The slowdown of the European economy is "significant" and the European Central Bank (ECB) could change its interest rates guidance if it becomes clear the situation isn't temporary, an ECB governing council member has said.
The extent of the weakness at the end of 2018 has taken policymakers by surprise, with Italy entering recession and Germany narrowly avoiding the same fate.
The ECB has so far stuck to its guidance that it will keep borrowing costs at record lows at least through the summer, indicating hikes could come after that.
Asked in an interview with Spanish paper 'El Pais' if poor economic data decreases the likelihood of a rate increase after the summer, Francois Villeroy de Galhau, who is governor of the Bank of France, said the ECB will look at the numbers.
"The key question will be if the slowdown is temporary - with a bounce-back during this year - or more durable," he said.
The comments are another dovish signal after Executive Board member Benoit Coeure said on Friday that the ECB is discussing whether to offer new longer-term loans to banks.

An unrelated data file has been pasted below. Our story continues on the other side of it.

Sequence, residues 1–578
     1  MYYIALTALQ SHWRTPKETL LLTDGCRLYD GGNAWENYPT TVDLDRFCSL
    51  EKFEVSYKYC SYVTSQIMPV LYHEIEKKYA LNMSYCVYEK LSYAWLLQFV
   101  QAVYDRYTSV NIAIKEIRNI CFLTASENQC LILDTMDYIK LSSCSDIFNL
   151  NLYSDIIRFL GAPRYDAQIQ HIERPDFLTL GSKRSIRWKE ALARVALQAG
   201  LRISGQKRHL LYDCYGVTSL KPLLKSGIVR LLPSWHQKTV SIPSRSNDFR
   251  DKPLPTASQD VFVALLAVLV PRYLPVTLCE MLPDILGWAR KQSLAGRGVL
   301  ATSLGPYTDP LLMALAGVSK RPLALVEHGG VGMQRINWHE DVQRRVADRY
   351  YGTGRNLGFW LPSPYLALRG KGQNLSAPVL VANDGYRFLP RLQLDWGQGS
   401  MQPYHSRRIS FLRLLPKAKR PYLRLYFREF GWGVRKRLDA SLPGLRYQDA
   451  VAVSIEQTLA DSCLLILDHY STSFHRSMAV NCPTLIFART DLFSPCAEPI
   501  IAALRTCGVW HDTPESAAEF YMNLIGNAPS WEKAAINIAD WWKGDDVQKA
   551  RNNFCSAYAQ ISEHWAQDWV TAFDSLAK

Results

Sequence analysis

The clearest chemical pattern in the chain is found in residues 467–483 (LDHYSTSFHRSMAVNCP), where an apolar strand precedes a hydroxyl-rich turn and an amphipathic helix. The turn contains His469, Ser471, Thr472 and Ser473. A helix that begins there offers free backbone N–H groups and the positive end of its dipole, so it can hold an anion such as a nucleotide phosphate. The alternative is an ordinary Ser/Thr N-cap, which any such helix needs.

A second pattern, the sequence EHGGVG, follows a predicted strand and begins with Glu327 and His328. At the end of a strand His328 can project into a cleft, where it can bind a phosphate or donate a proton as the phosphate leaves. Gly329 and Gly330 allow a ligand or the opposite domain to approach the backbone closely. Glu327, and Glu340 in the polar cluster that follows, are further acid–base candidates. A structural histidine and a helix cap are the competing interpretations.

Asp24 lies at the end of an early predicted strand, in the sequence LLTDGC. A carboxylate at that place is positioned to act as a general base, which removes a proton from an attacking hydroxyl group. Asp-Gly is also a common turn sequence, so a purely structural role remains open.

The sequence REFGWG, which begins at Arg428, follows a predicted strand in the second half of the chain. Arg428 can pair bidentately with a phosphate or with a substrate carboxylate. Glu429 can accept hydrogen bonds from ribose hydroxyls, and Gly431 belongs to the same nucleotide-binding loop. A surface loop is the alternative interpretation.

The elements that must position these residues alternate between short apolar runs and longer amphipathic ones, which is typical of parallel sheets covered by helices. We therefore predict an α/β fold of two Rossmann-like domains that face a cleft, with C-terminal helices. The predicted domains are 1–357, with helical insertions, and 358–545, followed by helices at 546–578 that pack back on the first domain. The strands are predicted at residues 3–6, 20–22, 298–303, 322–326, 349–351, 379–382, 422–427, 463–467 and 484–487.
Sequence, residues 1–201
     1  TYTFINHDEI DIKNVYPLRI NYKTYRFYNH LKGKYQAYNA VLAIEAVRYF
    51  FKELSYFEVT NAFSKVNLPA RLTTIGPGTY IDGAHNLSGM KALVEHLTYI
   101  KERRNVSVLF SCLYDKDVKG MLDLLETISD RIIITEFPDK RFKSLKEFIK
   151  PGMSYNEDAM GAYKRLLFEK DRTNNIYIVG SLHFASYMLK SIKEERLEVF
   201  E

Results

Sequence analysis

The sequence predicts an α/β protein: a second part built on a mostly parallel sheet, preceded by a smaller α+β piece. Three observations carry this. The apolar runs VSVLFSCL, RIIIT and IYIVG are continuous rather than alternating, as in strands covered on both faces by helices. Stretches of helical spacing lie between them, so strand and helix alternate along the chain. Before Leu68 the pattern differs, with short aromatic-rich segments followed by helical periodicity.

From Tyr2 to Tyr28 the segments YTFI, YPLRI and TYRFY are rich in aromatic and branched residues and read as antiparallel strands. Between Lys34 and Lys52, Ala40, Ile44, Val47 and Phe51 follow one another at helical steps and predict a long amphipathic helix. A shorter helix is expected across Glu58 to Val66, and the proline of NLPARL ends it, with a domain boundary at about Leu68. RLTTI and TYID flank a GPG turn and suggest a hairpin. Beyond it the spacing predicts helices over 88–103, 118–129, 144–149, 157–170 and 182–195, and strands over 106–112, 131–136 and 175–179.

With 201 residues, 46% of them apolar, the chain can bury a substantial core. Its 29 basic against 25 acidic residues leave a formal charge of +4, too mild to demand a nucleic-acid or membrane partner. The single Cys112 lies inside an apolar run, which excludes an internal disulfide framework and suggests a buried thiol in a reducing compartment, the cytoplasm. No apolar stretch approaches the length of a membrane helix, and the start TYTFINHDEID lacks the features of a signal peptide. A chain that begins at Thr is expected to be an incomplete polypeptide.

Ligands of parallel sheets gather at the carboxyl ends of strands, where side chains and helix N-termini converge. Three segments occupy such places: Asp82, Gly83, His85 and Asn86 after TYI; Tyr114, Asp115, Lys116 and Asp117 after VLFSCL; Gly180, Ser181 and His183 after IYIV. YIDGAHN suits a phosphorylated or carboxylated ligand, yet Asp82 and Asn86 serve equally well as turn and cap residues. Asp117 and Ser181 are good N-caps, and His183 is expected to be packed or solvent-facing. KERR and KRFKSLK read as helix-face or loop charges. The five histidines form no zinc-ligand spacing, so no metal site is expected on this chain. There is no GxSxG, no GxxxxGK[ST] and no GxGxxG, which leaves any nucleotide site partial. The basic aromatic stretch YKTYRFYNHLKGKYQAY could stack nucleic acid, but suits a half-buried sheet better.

Speaking in an interview with German newspaper 'Handelsblatt', Finnish central bank governor Olli Rehn said the ECB needed a "clear and convincing monetary policy case" for deploying new longer-term loans. He said that "the design is key, because it determines which impact they have on the economy".
Mr Rehn, seen among front runners to succeed Mario Draghi as ECB president, said that if growth in the eurozone weakens even more, the ECB "has all its instruments available". He also urged Germany, the euro area's biggest economy, to invest more into its digital and traffic infrastructure.
Mr Villeroy told 'El Pais' that the ECB could be "extremely efficient" using a trio of instruments, including tools for increasing liquidity to banks, as well as its stock of asset purchases and interest rates.
"We will be pragmatic in using this trio," he said. Mr Villeroy said the main problem facing the eurozone economy is global political uncertainty. That hurts Germany more than other European countries such as France and Spain, where economies rely more on domestic demand, which is resilient, he said.
At home, with Brexit looming uncertainty is among the top concerns for corporate CEOs, according to a new survey by PwC.
Irish bosses' most pressing concern was skills shortages The survey found, although it was taken in the autumn before a recent slew of negative European data. Feargal O'Rourke, managing partner with PwC in Ireland, said digital roles are in demand as more and more business is carried out online. He said financial services firms are seeing a talent squeeze with firms relocating here because of Brexit, while construction is also facing a skills shortage with demand for housing outstripping supply.